I recently bought the Radeon RX 480 G1 and noticed that the power connector had 8 pins instead of 6. My PSU is a little old, it's a Gigabyte GE-C420A-C2, 350W, and it has only a single 6 pin power cable. If i get an adapter, will I be able to run the card?

The card currently doesn't work. I've flashed my BIOS to the latest version, I've used DDU, used the included disk, but the fans on the card don't spin, the card however lights up, but that's with the mobo power. I've tried HDMI and DVI, but I always get no signal, and I have to use integrated graphics. The card doesn't show up in Device Manager. My mobo is a Gigabyte GA-H55-UD3H. Please tell me if I need to get a new PSU, or whatever is the problem causing my card to not work.


  • CPU: Core i5 661 quad core
  • GPU: went back to using the Nvidia GTS 250 (I want to use the Radeon RX 480 G1.)
  • disks: 1 HDD and 1 optical drive
  • PSU: Gigabyte GE-C420A-C2, 350W
  • mobo: Gigabyte GA-H55-UD3H

I bought a new PSU today, the Corsair VS550, but I'm still having the same issue! I'm currently on integrated graphics, but if u plug in the 6+2, and try to boot, the fans spin at max speed while the "fan stop" LED comes on. No display, but I still get a Post-error singe beep, signifying a successful boot. I'm starting to think the card's broken, but could it possibly be anything else?

The GPU isn't recognized by the computer in Device Manager, and I'm currently not using any display driver, only the Basic Display Driver.

I tested my graphics card in my friend's new computer. It worked like a dream. It appears my motherboard is way too old for a card like this. I'm going to get his motherboard, the one I tested the card on, because he is getting a new motherboard too. This should solve my problem.

  • If you look at the specs your PSU could just not be powerful enough to run that card. What other components do you have in your computer (CPU, number of disks)? This would suggest your card could use up to ~164 Watt without other components.
    – Seth
    Jan 17, 2017 at 9:29

2 Answers 2


You need to get a new PSU.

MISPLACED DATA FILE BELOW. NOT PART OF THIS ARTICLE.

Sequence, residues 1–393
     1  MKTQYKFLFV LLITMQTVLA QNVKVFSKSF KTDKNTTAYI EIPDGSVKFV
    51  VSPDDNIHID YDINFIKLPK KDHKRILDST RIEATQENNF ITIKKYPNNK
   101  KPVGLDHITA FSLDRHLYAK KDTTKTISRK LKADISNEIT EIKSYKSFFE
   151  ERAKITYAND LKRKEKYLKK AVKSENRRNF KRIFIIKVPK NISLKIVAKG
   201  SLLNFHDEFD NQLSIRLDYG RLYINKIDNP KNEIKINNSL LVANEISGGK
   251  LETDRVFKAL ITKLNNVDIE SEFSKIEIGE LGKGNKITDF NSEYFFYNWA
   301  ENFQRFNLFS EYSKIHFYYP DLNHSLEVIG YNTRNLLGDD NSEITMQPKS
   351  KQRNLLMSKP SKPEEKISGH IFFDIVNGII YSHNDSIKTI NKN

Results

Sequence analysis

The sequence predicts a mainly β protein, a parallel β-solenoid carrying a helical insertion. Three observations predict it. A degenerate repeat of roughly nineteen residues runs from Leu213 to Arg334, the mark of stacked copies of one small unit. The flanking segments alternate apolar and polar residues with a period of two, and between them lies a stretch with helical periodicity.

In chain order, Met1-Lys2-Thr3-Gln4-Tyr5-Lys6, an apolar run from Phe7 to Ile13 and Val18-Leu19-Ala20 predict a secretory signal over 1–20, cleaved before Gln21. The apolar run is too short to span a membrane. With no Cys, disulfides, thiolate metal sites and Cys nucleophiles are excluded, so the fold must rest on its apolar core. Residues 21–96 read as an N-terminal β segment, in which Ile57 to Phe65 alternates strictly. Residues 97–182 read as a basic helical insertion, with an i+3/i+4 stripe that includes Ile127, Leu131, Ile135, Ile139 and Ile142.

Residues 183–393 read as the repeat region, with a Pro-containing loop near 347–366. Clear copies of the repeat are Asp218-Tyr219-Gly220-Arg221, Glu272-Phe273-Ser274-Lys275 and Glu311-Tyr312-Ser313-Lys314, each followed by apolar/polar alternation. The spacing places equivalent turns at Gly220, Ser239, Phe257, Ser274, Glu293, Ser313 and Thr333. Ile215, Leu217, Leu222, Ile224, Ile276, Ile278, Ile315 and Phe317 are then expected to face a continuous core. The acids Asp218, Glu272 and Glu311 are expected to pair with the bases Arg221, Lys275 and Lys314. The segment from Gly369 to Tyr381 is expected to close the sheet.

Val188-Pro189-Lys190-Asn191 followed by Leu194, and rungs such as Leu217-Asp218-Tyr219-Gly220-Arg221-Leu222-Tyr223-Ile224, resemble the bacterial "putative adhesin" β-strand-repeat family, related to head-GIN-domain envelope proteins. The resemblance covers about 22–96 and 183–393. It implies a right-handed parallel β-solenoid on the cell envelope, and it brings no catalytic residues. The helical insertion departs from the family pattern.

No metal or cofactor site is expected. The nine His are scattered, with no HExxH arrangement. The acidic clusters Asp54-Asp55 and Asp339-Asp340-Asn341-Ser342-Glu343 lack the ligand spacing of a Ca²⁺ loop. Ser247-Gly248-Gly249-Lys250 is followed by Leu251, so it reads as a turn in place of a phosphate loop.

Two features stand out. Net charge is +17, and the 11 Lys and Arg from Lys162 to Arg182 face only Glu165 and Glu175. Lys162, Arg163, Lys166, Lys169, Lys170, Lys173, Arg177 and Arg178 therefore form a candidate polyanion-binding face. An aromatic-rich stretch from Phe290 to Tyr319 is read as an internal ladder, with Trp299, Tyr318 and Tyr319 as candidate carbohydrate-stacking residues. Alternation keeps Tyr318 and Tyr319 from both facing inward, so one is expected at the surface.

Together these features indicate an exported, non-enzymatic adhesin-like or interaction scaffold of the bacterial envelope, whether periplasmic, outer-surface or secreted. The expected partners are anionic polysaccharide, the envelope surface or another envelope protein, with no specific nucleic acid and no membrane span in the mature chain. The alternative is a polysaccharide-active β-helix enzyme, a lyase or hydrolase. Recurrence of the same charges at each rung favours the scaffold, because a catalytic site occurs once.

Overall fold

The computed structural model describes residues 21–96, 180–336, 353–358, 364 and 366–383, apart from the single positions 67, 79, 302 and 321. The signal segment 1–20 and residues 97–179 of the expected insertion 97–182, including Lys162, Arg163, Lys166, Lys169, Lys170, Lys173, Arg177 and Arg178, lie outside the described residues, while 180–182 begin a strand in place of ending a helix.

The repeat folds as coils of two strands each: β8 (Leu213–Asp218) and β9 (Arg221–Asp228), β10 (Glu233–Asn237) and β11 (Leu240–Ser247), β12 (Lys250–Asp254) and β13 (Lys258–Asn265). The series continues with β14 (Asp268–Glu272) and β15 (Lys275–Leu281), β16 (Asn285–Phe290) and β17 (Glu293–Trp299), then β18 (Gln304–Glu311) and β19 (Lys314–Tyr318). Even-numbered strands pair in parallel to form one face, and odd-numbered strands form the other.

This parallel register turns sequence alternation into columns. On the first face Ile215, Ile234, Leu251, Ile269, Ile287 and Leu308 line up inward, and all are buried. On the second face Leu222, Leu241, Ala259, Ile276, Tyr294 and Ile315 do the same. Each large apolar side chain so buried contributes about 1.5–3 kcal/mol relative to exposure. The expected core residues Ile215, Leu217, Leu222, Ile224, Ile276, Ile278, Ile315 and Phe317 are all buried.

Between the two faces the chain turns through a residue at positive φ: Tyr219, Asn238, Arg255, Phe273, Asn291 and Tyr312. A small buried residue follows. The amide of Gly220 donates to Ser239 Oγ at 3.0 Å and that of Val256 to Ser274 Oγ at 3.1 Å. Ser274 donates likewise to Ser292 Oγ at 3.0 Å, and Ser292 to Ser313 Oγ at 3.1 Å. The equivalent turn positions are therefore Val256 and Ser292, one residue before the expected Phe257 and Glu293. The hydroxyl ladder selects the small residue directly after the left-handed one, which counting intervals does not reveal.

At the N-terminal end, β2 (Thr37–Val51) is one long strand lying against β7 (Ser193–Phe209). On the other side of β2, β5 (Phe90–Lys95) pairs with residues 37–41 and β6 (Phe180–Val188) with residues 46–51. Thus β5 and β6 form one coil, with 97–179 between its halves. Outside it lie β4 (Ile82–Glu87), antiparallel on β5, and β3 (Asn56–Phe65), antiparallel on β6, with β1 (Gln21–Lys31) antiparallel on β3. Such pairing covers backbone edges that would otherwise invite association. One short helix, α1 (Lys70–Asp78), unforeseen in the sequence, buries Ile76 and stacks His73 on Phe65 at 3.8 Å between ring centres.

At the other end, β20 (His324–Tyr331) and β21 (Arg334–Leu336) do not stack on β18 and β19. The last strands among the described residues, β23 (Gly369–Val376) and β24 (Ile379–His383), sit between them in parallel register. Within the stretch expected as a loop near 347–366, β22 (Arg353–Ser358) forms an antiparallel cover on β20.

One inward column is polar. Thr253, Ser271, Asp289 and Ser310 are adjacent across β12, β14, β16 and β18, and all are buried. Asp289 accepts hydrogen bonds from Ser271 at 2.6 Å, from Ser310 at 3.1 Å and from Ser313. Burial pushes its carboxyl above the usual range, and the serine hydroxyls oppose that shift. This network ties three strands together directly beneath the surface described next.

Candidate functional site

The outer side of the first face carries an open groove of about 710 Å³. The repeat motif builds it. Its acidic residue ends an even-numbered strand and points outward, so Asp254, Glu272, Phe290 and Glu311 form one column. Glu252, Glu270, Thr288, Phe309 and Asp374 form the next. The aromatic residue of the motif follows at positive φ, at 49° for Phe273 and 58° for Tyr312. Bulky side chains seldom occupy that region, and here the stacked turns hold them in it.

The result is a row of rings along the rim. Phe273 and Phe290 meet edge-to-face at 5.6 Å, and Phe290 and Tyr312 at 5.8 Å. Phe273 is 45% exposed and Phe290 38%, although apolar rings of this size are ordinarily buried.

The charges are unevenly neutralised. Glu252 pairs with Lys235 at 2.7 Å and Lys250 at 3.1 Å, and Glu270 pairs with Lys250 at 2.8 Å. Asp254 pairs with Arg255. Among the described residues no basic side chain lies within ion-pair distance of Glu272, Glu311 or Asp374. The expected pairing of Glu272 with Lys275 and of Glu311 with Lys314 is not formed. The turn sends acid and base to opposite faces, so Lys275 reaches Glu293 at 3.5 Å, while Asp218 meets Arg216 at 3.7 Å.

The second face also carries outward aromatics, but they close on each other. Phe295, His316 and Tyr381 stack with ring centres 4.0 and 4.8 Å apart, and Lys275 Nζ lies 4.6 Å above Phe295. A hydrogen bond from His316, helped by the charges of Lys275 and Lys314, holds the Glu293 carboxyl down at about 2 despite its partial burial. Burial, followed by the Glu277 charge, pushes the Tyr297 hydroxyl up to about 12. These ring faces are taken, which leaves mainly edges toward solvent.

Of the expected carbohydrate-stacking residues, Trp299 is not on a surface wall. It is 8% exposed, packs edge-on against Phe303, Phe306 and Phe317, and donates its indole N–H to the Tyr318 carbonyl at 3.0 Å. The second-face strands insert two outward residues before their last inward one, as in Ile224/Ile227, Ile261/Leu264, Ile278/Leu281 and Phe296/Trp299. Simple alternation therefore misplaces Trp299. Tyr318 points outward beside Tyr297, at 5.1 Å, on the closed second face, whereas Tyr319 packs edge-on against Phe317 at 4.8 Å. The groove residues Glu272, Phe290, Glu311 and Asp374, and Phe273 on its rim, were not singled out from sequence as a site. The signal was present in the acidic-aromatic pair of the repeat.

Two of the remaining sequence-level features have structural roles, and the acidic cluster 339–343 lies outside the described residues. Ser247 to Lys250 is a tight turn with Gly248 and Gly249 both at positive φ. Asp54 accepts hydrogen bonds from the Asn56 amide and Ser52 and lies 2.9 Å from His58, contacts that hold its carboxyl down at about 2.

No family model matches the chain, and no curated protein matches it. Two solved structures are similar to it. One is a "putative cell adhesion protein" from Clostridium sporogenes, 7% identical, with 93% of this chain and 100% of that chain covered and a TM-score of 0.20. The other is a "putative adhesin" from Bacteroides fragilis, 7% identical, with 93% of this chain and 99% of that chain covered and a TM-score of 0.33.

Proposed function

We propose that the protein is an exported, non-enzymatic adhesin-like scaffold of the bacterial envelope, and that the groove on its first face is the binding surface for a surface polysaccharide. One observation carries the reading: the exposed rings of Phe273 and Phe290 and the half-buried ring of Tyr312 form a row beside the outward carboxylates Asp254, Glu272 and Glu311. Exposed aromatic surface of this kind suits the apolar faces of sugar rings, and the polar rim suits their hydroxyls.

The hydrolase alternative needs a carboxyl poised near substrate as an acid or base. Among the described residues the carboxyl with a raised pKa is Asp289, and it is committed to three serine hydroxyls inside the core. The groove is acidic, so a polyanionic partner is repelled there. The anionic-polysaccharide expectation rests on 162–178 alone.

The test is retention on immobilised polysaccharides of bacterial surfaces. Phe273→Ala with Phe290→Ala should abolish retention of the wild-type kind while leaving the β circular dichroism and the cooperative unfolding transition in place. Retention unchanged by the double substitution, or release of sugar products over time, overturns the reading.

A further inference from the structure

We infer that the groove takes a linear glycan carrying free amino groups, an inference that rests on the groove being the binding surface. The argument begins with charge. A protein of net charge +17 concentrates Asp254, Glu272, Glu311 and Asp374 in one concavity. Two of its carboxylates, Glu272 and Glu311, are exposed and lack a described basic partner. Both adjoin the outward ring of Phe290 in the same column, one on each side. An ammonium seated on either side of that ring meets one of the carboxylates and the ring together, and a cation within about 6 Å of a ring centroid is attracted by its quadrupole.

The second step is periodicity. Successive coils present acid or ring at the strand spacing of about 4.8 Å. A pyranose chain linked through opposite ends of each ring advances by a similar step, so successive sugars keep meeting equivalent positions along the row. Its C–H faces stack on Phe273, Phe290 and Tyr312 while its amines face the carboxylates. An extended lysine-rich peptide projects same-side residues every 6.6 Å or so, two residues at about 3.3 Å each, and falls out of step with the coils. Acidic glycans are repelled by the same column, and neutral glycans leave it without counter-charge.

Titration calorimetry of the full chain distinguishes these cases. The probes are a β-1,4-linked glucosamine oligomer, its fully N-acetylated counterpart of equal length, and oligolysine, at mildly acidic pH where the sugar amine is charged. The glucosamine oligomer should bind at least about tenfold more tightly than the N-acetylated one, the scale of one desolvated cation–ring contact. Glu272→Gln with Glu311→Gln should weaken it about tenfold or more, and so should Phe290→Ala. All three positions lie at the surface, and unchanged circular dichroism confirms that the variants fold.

The long answer is that you're putting a video card with very high power requirements into a computer with what is really a low-powered power supply. 350W is the maximum output of the power supply. What it can produce reliably without strain is generally going to be 70% or less of that total number, and the new video card takes up nearly 50% all by itself.

The good news is that power supplies are relatively easy to replace. Get one with a peak output of 500W or more to make sure it still has a comfortable enough overhead given the newer, more powerful components in your rig.

  • Thanks, I'll go buy a new PSU, one with the appropriate connectors.
    – JustBlu
    Jan 18, 2017 at 1:23
  • New PSU, same problem.
    – JustBlu
    Mar 3, 2017 at 6:31

That power supply is actually rated at 420w peak, 350w continuous output and two 15A +12v rails (30A rating), it should be sufficient to run this rig (assuming you have mentioned everything, but I assumed two 120mm fans as well), and you can get an adapter online for a reasonable cost like this one. For that matter, most video cards will function fine with the 6-pin connector plugged in because the 2 missing pins are just ground connections, although this is very much NOT a recommended solution.

From your information, entered into a Power Supply calculator, this rig would require just under 300w power with an 18A draw on the +12v rail.

That said, upgrading to a modern 500 watt power supply would probably be the best choice given the age of unit to guarantee trouble free power the system.

  • Strange, this power supply does have 2 6+2's, and still nothing.
    – JustBlu
    Mar 2, 2017 at 22:37
  • 6+2 connectors are universal, they can be used for either 6 or 8 pin PCI-E power... I don't think your dealing with a power problem.
    – acejavelin
    Mar 2, 2017 at 23:31
  • Thats what I'm saying, there must be something else
    – JustBlu
    Mar 3, 2017 at 4:17

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